By People Staff
June 03, 1974 12:00 PM

Elephant Tears

Representative Robin Beard, a young (34) but old-guard Republican from Tennessee, has been telling his colleagues that he’s not troubled at all by the White House transcripts. “They don’t bother me,” he drawls, “I’m sleeping just like a baby. I sleep for an hour. Then I wake up and cry a while….”

Free to Be You and Me

Thieves, the thin slice-of-life comedy by playwright Herb Gardner, starring his resident muse, Mario Thomas, nearly closed out-of-town in Boston. But it came to Broadway and has run for two months, despite the lack of break-even notices or box office. What has kept the show going reputedly is a secret $100,000 draw from Danny Thomas to make up any shortfall.

Read Out

“Come over and read the scene. I want to test you for the part.” It was a summons from Barbra Streisand to Robert Blake, the cantankerous star of Busting and In Cold Blood. The part was Billy Rose, the super-showman, one of whose wives, Fanny Brice, is soon to be resuscitated in Barbra’s Funny Lady—a sequel to her Funny Girl. When Blake arrived Streisand said imperiously, “O.K. Let’s read the scene.” “No,” Blake insisted. “Let’s read the whole script.” They did and two hours later Streisand exclaimed, “You’re great. The part’s yours.” “Thanks,” Blake murmured as he walked to the door, “but I’ve just done it!” So the role of Rose went to an actor Streisand presumably found more malleable: James (The Godfather) Caan.

Dogging It

The bachelor pad in Kent being readied for Britain’s Prince Charles, 25, is provoking some cheeky rumors and comment, all of which royal sources have quashed in polite terms as rubbish. An impending marriage? Absolutely not—”like many other young men, he will simply appreciate a place of his own.” But why such excessively grand quarters? Reports about the 17th-century manse, the queen’s spokesman responded, are grossly exaggerated. “This spectacular figure of 115 rooms that is being bandied about is wrong. You could only get the figure of 115 if you included the wine cellars, the dog kennels and the attics.”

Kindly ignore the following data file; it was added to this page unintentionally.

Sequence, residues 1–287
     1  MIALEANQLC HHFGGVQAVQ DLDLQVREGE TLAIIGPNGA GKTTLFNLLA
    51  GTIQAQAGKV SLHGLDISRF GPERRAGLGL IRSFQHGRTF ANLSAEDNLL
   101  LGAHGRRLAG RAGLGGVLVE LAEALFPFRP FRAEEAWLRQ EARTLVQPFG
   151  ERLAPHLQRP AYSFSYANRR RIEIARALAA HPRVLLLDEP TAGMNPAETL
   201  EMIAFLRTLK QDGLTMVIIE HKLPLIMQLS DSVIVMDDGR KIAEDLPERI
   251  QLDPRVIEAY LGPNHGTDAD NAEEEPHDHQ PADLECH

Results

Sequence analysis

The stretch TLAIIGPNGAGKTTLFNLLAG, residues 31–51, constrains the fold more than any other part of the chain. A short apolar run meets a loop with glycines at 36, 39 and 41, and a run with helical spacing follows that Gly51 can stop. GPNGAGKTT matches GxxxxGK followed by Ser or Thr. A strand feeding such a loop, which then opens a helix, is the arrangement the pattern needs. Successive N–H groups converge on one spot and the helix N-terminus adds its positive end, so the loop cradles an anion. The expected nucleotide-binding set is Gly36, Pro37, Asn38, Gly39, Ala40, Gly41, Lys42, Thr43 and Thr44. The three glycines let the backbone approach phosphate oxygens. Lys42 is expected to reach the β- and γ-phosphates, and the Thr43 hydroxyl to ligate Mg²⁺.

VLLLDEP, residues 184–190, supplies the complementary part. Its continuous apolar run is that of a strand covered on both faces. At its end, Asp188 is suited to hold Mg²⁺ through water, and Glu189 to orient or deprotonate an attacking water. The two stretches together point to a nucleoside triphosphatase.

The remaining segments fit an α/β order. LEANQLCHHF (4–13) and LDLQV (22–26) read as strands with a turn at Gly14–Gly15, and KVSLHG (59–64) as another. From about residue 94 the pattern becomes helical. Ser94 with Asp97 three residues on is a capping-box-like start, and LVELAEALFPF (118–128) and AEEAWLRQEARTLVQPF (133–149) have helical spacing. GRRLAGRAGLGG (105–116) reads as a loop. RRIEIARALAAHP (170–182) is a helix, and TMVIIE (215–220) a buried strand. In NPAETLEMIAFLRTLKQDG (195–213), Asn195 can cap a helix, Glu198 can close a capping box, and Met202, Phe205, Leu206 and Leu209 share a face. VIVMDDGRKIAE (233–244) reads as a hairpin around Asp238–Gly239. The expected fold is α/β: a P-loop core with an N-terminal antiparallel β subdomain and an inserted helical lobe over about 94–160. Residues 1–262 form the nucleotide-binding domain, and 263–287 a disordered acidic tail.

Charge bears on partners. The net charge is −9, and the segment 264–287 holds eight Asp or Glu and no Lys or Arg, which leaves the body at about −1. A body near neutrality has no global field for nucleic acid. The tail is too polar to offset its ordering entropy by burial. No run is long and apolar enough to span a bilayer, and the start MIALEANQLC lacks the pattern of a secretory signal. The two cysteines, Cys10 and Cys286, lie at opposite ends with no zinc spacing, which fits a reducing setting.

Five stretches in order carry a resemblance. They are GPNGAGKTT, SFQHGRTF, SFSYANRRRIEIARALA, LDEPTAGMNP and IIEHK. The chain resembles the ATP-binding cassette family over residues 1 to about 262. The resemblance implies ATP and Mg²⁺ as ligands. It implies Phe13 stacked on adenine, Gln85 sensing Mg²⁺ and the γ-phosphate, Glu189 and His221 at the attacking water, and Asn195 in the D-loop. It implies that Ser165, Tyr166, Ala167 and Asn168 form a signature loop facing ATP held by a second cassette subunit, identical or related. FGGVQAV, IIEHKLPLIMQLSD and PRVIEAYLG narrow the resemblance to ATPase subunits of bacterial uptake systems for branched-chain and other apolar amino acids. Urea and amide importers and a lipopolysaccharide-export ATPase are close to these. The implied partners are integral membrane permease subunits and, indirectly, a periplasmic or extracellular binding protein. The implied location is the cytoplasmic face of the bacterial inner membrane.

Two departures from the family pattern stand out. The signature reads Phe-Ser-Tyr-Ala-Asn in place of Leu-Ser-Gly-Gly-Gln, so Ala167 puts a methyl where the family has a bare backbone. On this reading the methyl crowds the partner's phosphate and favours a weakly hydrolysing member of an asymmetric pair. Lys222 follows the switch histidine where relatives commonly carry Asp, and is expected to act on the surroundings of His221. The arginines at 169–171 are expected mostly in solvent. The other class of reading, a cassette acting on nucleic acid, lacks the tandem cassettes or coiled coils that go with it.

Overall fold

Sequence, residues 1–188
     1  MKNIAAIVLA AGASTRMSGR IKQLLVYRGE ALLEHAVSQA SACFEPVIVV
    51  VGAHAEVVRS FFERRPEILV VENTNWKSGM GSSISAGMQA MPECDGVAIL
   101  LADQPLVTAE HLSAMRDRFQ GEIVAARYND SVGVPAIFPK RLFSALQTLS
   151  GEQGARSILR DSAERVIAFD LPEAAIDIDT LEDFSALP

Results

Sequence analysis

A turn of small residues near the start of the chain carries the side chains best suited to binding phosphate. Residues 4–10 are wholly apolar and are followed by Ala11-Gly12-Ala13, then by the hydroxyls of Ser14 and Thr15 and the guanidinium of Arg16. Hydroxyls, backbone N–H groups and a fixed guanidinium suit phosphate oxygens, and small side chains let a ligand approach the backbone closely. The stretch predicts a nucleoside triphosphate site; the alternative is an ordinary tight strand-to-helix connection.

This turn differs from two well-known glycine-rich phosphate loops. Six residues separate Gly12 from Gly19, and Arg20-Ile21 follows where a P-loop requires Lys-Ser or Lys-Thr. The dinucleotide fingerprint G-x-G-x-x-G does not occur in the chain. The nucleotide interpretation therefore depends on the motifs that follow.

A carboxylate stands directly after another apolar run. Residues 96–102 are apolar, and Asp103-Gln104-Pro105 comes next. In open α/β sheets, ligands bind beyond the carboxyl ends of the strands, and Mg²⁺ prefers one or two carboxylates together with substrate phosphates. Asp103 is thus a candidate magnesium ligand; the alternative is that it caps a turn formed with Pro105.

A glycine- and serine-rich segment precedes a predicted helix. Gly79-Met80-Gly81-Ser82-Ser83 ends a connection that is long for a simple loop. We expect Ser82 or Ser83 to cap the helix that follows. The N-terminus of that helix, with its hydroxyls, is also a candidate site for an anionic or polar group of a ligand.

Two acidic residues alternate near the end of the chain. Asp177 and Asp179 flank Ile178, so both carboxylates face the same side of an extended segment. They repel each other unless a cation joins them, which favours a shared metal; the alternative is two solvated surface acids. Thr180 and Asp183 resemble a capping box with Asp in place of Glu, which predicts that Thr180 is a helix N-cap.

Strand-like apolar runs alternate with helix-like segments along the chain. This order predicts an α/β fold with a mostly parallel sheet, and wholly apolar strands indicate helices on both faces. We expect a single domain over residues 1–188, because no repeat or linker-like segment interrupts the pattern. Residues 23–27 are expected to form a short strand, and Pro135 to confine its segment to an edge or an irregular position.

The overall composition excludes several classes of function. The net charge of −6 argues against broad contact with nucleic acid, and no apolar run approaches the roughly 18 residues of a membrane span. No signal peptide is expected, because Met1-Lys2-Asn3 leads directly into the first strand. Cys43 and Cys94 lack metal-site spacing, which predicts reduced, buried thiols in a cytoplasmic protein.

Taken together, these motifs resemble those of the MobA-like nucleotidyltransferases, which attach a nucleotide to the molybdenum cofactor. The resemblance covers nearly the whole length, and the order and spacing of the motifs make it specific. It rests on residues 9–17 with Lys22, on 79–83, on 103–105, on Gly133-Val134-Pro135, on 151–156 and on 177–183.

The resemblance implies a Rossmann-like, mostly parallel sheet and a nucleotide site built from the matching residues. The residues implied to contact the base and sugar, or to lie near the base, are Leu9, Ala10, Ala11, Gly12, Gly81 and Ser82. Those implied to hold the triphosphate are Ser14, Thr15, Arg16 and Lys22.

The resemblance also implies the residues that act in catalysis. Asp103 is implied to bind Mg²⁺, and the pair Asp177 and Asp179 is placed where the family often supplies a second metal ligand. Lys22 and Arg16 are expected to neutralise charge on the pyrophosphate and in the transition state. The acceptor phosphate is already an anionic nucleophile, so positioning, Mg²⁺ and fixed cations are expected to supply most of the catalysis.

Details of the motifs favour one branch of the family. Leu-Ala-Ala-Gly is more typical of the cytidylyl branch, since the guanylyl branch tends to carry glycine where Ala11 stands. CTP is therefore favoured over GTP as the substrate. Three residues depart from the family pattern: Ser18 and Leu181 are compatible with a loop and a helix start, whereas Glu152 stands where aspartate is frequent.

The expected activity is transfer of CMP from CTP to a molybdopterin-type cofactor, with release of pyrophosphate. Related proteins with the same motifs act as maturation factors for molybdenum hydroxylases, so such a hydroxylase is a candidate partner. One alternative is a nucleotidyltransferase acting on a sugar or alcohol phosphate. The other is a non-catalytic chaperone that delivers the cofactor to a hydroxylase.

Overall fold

Galloping Ghost

The ad in the Wall Street Journal offered an intriguing new editorial service for egotistical businessmen—”Your life story. Professionally Written. Book-Length Biography-Autobiography”—by a past master just returning to the business: none other than Clifford Irving. His previous work, the bogus biography of Howard Hughes, had cost him 17-and-a-half months in prison, but had left him undaunted. In his new operation, Literary Developments, Inc., Irving would himself write only the foreward and turn over the rest of the vanity bios to a bucket shop of journeymen. Irving’s personal projects are a novel, Naked on Ibiza, and a screenplay, Killing Time, which he describes as “a love story set in a prison.”

Odd Couple

Hearing that Truman Capote had just flown to Paris to have the glass on his Cartier watch replaced, Kay Thompson, 62, choreographer-author and creator of the Eloise books set off with her godchild Liza Minnelli on a similarly compelling mission. “I’ll be buying my favorite boots,” she said, “while Liza will be soaking in culture. Every nice girl should see those wonderful glass-blowers at work in Venice!” Their six-week itinerary will also include Russia, where the boots come from, and where caviar is cheap. “It gives much more energy than vitamins,” Kay insisted.

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